With local body elections currently under way, democracy makes its triennial appearance in New Zealand’s towns and cities once again. But elections alone don’t automatically make for democratic governance at street level. And this is particularly true of Auckland.
Since the unification of regional, city and district councils in 2010, the so-called “super city” has been run by a single Auckland Council.
It covers a diverse urban and rural region of 1.7 million people, spread across more than 4,894 square kilometres. The mayor and 20 councillors set the rates, pass bylaws and control city planning.
The 21 subordinate local boards have no rating or regulatory powers. On the old maxim of “no taxation without representation”, local board members aren’t representatives in a full political sense. It’s the power to tax that really matters.
So, in effect, 21 people represent 1.7 million. That’s a ratio of one elected representative to approximately every 81,000 people – somewhere between the populations of Whangārei and Dunedin.
By comparison, at the national level there is one member of parliament to every 42,700 people. Auckland has 23 electorate MPs, and 16 list MPs are based in the region. That’s 39 MPs in Auckland compared with 20 councillors and one mayor.
Ironically, Aucklanders are better represented in parliament in Wellington than in the council chamber in downtown Auckland.
Compare this also with Central Hawkes Bay District, for example, where there are nine council members, including a mayor, representing 14,142 people: a ratio of one to 1,571.
A vote there is clearly worth a lot more – roughly 53 times more – than one in Auckland. That other old maxim of “one person, one vote” comes to mind. Little wonder Hawkes Bay voted not to unify its local government along the same lines as Auckland.
While representing and taxing 81,000 people, an Auckland ward councillor is rarely heard or seen by residents between elections. Your chances of bumping into one in Queen Street to say “g’day” and tell them your thoughts are almost zero.
Local boards have no rating or regulatory powers, despite each covering populations the size of cities. In 2018, for example, the Waitematā Local Board area had an estimated 82,866 residents, and Devonport-Takapuna 57,975.
Whether you’re a farmer close to the northern or southern border of the council territory, or an inner-city student, the real decision makers are remote and largely beyond the influence of ordinary ratepayers and voters.
Compounding this had been the historical decline in voter turnout for local elections, with participation down to 42% in 2019. This is the opposite of general elections: following a low in 2011, turnout rose to 81.5% of those enrolled in 2020.
In Auckland, there are presently 22 candidates running for mayor, most of whom get no voice in the media. To get ahead in this election requires more than just competence and a good track record. You need plenty of money, wider political backing and, above all, media attention.
But media space is limited, so news coverage and live debates focus on those deemed to stand a chance of getting within the first three or four places.
This process, and the subsequent withdrawal of two centre-right candidates, has seen the media and pollsters anoint two remaining front-runners: the centre-right Wayne Brown and the centre-left Efeso Collins. Neither is clearly ahead in polls.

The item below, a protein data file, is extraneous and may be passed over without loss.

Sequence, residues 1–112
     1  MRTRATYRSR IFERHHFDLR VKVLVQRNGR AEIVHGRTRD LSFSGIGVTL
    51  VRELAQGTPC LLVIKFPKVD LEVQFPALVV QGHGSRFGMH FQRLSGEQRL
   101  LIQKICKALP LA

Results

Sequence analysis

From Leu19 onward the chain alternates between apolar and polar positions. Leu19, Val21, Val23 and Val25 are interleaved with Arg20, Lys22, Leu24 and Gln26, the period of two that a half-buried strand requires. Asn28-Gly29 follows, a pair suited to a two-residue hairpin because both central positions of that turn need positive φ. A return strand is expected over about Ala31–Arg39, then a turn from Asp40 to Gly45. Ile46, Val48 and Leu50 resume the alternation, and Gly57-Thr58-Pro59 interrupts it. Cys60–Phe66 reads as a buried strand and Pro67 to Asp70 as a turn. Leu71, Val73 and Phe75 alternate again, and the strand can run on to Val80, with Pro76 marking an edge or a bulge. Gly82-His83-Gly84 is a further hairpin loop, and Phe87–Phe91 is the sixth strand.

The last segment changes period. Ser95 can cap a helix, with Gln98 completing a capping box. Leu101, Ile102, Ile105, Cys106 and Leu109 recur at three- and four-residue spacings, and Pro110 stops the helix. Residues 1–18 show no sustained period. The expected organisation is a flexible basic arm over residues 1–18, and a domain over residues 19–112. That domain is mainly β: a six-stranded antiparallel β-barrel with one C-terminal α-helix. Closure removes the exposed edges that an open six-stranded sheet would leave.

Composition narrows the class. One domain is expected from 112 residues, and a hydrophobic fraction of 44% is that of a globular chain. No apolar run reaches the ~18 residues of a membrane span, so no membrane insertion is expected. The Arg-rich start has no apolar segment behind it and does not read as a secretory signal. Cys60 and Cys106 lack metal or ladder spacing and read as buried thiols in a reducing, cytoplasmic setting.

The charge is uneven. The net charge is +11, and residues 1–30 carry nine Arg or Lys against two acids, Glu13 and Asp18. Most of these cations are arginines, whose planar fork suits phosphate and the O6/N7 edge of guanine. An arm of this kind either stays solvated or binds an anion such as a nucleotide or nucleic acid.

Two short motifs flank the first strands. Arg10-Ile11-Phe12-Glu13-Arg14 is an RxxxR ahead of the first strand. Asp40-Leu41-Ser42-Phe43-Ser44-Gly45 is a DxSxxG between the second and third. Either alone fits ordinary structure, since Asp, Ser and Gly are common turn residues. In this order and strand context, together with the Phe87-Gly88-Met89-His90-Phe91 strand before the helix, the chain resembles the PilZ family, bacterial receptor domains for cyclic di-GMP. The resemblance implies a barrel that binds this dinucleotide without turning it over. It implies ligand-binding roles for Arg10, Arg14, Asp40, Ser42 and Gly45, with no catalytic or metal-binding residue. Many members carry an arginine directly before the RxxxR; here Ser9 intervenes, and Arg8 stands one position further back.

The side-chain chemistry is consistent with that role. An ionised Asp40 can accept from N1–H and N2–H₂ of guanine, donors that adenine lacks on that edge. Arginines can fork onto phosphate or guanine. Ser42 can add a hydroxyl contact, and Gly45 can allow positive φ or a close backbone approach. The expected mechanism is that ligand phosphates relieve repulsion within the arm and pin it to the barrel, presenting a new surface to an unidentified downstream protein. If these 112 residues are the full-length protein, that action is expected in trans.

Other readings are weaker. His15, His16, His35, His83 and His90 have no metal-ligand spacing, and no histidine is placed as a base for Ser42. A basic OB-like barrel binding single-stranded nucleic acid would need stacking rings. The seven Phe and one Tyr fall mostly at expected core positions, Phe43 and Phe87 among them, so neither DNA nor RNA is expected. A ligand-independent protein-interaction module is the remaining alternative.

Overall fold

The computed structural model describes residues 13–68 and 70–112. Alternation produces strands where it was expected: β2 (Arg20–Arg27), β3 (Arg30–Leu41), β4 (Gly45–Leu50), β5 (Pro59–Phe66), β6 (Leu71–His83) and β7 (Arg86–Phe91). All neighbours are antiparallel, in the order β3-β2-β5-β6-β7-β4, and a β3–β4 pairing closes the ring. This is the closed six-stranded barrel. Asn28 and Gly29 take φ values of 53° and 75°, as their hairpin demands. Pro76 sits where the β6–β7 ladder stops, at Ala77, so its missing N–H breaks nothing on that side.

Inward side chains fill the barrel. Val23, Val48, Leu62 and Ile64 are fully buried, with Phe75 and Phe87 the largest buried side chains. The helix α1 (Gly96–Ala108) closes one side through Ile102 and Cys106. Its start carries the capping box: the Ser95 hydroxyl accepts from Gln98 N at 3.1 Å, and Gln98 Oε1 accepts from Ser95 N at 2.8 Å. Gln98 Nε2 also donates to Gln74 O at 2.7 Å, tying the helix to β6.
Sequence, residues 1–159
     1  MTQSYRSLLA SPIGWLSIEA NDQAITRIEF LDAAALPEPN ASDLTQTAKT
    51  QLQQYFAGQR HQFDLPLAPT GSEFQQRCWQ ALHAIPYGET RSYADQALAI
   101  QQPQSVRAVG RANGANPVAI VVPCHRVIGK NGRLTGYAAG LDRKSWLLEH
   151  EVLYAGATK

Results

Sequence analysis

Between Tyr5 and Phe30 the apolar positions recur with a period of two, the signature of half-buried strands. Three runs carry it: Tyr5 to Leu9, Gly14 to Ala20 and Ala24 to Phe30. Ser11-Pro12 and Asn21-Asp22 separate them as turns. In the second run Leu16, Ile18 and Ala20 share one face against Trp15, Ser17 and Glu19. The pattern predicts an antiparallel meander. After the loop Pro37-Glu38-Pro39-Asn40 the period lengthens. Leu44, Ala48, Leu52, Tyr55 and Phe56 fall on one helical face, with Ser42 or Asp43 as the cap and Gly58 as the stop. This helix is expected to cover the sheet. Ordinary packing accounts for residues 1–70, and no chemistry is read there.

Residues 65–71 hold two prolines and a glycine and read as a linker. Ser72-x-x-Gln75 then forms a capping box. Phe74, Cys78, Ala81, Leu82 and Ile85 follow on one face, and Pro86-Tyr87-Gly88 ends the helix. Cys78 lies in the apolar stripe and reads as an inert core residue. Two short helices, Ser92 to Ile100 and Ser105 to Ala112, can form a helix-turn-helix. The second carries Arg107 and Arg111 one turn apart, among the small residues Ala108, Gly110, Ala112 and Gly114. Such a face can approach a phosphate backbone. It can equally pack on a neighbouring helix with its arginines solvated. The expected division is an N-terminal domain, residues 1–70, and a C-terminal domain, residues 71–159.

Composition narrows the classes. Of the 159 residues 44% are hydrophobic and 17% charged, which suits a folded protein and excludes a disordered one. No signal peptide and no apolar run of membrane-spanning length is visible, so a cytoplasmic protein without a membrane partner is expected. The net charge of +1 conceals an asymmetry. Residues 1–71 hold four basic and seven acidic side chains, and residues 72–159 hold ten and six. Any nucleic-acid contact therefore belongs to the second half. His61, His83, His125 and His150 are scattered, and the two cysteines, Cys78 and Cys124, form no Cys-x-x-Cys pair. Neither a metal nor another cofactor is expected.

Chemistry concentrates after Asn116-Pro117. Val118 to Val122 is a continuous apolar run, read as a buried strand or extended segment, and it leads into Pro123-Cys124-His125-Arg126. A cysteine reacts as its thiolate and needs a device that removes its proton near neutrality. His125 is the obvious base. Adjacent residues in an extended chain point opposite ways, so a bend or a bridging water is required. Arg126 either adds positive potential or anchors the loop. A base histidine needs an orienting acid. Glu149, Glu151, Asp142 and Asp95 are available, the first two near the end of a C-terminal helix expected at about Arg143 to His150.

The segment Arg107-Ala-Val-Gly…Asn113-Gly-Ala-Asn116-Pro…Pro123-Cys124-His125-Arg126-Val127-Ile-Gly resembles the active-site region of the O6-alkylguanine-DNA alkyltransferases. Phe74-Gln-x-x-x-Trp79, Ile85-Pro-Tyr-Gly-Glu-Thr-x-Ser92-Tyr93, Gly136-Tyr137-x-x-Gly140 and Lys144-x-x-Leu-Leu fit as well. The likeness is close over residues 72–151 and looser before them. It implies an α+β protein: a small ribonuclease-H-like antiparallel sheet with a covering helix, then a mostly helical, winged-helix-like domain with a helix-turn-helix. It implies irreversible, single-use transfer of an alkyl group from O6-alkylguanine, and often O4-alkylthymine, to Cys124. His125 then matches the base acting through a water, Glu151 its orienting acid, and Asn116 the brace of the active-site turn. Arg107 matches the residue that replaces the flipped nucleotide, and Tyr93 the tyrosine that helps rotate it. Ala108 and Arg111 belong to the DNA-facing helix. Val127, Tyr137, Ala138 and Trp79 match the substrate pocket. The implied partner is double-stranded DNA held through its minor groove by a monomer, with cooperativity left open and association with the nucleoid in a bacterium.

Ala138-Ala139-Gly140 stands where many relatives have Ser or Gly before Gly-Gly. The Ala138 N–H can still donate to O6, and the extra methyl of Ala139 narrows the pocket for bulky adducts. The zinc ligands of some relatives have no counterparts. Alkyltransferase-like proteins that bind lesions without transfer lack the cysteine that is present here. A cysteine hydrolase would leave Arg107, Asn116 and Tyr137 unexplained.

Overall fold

But given the forgone conclusions of previous mayoral contests, Aucklanders at least have a real electoral choice of leadership styles and visions for the city’s future.
Collins espouses a caring and inclusive approach that looks to the interests of the city’s worst-off, as well as its economic development. Brown pushes the pragmatic and task-oriented attitude of an engineer who prides himself on “fixing” things.
Centralisation of power
This close and less predictable contest may help boost participation. But it doesn’t negate the essential problem of genuine representation.
Auckland’s many problems are expensive to fix – and expensive to leave unfixed. The solutions frequently involve partnerships with central government, which to a large extent was the reason for unifying the region’s governance in the first place.
Cabinet ministers, it was believed, should be able to call one person – the mayor – when dealing with the city’s significant infrastructure deficits. Even so, much of the city’s real assets and services were carved off into “council-controlled organisations”, entities with their own governance structures. Many argue the council should exert more control over these.
Whatever the motivation, the outcome has certainly not been an improvement in local democracy. The governance of Auckland is remote from, and happens high above the heads, of ratepayers and residents.
This attenuated system of representation appears to reflect a national, indeed international, trend towards centralisation of government.
Not only has the unification of Auckland thinned out representation and put up barriers to participation, across the whole country we’ve seen central government overruling local government in matters such as public health, urban development and water use.
Regardless of where you might stand on those issues, we certainly hear a lot less about devolving decision making closer to those directly affected.
Authors: Grant Duncan, Associate Professor, School of People, Environment and Planning, Massey University